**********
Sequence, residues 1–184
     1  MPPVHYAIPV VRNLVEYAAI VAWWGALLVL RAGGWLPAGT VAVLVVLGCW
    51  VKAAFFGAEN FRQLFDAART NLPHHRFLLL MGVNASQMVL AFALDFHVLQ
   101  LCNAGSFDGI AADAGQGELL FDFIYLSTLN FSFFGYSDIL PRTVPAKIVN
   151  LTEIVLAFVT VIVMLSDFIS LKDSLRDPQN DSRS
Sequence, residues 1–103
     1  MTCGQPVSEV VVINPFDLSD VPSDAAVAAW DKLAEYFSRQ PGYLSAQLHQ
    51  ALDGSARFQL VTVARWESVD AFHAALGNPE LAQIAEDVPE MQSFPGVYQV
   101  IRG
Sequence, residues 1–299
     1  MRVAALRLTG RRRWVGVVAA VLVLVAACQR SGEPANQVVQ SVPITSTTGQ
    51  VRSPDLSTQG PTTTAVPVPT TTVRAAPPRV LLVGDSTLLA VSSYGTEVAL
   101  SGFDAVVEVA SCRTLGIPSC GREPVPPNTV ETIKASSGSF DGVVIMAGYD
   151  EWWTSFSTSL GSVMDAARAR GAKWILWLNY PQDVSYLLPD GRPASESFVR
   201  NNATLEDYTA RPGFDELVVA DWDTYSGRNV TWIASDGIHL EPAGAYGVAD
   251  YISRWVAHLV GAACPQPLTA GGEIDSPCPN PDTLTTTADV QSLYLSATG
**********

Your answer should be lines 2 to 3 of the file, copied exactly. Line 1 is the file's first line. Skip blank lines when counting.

     1  MPPVHYAIPV VRNLVEYAAI VAWWGALLVL RAGGWLPAGT VAVLVVLGCW
    51  VKAAFFGAEN FRQLFDAART NLPHHRFLLL MGVNASQMVL AFALDFHVLQ